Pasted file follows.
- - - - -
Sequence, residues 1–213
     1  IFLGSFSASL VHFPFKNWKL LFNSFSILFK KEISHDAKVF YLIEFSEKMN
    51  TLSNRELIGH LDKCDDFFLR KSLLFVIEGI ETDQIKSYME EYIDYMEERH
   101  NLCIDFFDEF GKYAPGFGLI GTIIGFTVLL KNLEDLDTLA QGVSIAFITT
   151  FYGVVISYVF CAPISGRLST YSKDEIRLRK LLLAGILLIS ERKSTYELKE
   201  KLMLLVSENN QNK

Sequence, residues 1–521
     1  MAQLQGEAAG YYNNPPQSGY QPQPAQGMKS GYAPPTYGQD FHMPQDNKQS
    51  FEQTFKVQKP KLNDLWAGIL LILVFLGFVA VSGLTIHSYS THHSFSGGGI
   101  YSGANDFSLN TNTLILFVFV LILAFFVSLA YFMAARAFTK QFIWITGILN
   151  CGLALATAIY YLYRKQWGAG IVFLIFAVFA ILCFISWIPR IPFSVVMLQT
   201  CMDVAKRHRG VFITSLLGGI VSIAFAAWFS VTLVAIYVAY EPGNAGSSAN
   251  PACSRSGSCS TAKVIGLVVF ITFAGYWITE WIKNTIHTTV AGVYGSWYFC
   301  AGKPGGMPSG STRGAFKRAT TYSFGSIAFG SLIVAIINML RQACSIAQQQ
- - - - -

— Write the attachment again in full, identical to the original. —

Sequence, residues 1–213
     1  IFLGSFSASL VHFPFKNWKL LFNSFSILFK KEISHDAKVF YLIEFSEKMN
    51  TLSNRELIGH LDKCDDFFLR KSLLFVIEGI ETDQIKSYME EYIDYMEERH
   101  NLCIDFFDEF GKYAPGFGLI GTIIGFTVLL KNLEDLDTLA QGVSIAFITT
   151  FYGVVISYVF CAPISGRLST YSKDEIRLRK LLLAGILLIS ERKSTYELKE
   201  KLMLLVSENN QNK

Sequence, residues 1–521
     1  MAQLQGEAAG YYNNPPQSGY QPQPAQGMKS GYAPPTYGQD FHMPQDNKQS
    51  FEQTFKVQKP KLNDLWAGIL LILVFLGFVA VSGLTIHSYS THHSFSGGGI
   101  YSGANDFSLN TNTLILFVFV LILAFFVSLA YFMAARAFTK QFIWITGILN
   151  CGLALATAIY YLYRKQWGAG IVFLIFAVFA ILCFISWIPR IPFSVVMLQT
   201  CMDVAKRHRG VFITSLLGGI VSIAFAAWFS VTLVAIYVAY EPGNAGSSAN
   251  PACSRSGSCS TAKVIGLVVF ITFAGYWITE WIKNTIHTTV AGVYGSWYFC
   301  AGKPGGMPSG STRGAFKRAT TYSFGSIAFG SLIVAIINML RQACSIAQQQ